With the second, it became more complex. Let's call it the multitasking zigzag principle: I breastfed while I cooked (yes, with sling it works) and told big sister a story, cleaned out the dishwasher on the side and set the table. I did the shopping while dragging the three-year-old around the shop with one hand and rocking the pram with the other to get the tired baby to sleep. I could only dream of my own nap in between. Shortly before child two was born, child one decided that from now on he no longer needed a nap.
4. Work increases exponentially
The second child just runs along? A liar (yep, masculine) who says so! Work has not even doubled, it has increased exponentially. Instead of once, I now tidy the living room five times a day. The hand-held vacuum cleaner is my new BF, never leaving my side. And I spend about as much time in the laundry room as I do in the living room.
Even as I spin these thoughts, the next pile of dirty laundry is already piling up there ... The laundry mountain of a family of four is so big that it deserves its own section below.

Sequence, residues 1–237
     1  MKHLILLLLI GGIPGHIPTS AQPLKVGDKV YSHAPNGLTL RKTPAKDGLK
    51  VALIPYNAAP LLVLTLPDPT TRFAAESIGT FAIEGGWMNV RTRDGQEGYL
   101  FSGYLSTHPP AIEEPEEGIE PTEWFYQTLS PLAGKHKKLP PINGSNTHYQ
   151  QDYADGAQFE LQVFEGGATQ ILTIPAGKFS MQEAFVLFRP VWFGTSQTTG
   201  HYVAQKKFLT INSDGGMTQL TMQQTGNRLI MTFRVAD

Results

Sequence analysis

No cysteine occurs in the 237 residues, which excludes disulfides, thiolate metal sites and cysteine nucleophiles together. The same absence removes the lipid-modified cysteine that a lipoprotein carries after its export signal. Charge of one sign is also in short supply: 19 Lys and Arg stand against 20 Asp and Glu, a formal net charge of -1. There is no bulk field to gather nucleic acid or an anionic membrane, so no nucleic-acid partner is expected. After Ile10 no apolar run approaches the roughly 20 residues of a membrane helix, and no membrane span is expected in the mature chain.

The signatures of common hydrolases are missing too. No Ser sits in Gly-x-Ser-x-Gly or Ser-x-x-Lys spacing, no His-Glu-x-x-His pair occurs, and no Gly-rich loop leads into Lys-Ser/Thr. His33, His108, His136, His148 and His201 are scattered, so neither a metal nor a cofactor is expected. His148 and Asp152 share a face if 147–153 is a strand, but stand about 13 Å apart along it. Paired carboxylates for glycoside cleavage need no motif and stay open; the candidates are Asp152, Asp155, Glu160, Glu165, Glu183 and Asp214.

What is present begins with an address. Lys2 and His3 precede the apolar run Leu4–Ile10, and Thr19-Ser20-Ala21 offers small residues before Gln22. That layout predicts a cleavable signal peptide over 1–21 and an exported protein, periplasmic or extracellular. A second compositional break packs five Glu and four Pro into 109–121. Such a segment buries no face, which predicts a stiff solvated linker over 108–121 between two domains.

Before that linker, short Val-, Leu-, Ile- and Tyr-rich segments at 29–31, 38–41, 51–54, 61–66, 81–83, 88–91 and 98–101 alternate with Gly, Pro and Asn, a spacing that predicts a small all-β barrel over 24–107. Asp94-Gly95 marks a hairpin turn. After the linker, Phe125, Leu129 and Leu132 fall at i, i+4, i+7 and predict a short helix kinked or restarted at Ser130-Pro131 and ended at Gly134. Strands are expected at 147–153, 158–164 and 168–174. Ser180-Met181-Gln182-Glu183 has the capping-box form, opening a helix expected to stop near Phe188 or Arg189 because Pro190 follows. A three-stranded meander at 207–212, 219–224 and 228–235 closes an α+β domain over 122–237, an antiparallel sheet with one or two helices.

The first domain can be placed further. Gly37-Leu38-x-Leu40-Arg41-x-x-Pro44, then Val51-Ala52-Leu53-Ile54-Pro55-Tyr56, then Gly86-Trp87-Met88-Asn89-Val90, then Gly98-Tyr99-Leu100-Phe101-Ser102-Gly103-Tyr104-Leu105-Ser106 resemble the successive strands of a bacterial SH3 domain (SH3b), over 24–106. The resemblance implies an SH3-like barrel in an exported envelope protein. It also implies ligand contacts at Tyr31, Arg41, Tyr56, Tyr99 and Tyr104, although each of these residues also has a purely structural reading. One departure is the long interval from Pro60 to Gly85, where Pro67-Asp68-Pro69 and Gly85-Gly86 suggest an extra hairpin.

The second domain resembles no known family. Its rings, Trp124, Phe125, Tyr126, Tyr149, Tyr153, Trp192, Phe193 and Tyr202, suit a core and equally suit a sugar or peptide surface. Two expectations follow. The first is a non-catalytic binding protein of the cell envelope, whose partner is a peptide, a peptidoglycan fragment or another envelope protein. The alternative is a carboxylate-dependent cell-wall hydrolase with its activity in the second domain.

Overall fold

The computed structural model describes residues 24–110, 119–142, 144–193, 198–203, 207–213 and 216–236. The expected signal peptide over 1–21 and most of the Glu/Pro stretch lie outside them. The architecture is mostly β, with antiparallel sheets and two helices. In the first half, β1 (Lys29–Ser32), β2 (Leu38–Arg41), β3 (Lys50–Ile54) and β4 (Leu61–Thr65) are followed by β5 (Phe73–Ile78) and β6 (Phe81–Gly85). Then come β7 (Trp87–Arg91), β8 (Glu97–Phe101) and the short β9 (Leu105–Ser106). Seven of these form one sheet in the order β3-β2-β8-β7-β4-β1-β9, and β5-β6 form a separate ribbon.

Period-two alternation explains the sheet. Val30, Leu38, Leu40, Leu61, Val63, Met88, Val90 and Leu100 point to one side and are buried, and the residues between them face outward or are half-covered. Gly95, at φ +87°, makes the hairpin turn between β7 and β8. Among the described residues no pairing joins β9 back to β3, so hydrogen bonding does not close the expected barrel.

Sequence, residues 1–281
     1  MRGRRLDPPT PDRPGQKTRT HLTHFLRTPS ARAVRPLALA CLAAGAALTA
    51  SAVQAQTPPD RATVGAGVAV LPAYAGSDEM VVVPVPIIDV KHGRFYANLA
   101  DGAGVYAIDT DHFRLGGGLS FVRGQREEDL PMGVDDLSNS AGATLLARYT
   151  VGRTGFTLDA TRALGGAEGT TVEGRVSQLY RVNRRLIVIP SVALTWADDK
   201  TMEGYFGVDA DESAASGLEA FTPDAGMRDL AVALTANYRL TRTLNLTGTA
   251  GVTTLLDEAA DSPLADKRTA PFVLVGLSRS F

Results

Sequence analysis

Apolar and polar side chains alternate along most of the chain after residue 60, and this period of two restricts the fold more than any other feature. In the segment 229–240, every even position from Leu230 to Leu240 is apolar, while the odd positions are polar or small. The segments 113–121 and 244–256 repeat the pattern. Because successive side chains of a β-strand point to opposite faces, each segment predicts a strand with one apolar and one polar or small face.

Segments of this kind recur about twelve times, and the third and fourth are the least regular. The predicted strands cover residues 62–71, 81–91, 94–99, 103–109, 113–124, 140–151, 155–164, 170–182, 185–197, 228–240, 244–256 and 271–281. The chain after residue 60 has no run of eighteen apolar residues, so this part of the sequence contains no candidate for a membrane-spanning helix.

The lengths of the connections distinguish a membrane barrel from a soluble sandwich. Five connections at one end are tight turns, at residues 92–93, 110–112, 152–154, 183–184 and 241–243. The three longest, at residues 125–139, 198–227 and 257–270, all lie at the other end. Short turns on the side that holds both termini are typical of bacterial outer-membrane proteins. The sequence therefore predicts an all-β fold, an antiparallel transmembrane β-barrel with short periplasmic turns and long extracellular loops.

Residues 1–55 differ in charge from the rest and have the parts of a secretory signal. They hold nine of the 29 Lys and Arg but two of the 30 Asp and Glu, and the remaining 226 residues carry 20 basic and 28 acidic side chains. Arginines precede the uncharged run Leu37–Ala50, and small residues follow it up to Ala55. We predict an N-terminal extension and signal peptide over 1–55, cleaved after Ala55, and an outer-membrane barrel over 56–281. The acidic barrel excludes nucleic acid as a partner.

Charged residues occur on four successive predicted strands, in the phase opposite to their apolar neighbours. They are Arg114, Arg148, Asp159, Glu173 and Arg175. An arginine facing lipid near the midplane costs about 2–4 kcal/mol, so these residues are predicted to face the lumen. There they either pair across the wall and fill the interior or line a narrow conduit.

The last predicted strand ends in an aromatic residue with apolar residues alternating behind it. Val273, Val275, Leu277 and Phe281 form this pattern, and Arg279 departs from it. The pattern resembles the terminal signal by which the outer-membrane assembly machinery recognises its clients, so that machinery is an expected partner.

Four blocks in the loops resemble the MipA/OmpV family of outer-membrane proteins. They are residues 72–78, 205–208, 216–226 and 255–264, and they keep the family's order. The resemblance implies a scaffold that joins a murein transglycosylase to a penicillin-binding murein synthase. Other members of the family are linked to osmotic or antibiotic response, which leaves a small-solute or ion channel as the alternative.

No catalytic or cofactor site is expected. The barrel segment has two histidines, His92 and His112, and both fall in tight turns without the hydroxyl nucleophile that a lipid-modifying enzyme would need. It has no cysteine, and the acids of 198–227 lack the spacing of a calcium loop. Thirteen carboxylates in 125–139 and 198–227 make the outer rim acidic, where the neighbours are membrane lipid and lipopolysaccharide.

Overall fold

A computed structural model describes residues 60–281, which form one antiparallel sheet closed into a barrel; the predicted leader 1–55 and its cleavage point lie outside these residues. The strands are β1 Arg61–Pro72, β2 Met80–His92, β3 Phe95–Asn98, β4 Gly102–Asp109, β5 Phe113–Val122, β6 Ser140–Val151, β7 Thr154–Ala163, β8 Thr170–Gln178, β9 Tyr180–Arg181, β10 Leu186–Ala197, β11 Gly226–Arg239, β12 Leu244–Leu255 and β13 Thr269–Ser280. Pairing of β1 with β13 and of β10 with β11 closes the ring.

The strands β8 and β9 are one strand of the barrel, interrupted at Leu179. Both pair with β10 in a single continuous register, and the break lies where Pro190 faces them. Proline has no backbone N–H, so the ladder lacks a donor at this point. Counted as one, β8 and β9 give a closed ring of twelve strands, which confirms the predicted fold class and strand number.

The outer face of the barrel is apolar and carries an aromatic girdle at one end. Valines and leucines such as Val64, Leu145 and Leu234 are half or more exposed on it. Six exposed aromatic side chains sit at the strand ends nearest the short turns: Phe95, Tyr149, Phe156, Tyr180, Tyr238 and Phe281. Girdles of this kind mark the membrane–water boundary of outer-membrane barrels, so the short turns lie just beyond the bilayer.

5. The laundry mountain grows and grows
Thanks to the laundry, I feel like Sisyphus rolling the stone up the mountain, only to see it tumble right back down into the valley. I now climb the laundry mountain almost daily. And even as I pepper the dirty bits into the washing machine, another three seem to land in the laundry-basket. With one child, the laundry was a lot, but manageable. Then came a double increase. Second child plus first child with bigger clothes - results: a lot more full washing machines.
6. From now on, no more time for anything
. While care work at home seemed to have increased tenfold, time seemed to have been squandered. "Could you just quickly ..." triggered hot flashes in me in the early days after the second birth. No, I don't have time for a quick phone call or a quick email. I'm happy when I can get to the toilet without children at my heels (more under point 8).
Here's an anecdote: "I've got Mummy's Day today and won't get round to reading your email until tomorrow," I once texted an interviewee who had asked for a quick reply. "Okay, enjoy your day off," she replied. "I don't have the day off. I'm taking care of the children," I replied. Recently, the woman contacted me unexpectedly. She has become a mother and remembered our conversation at that time. "I now know exactly what you meant," she let me know .
7. The couple is now an organising team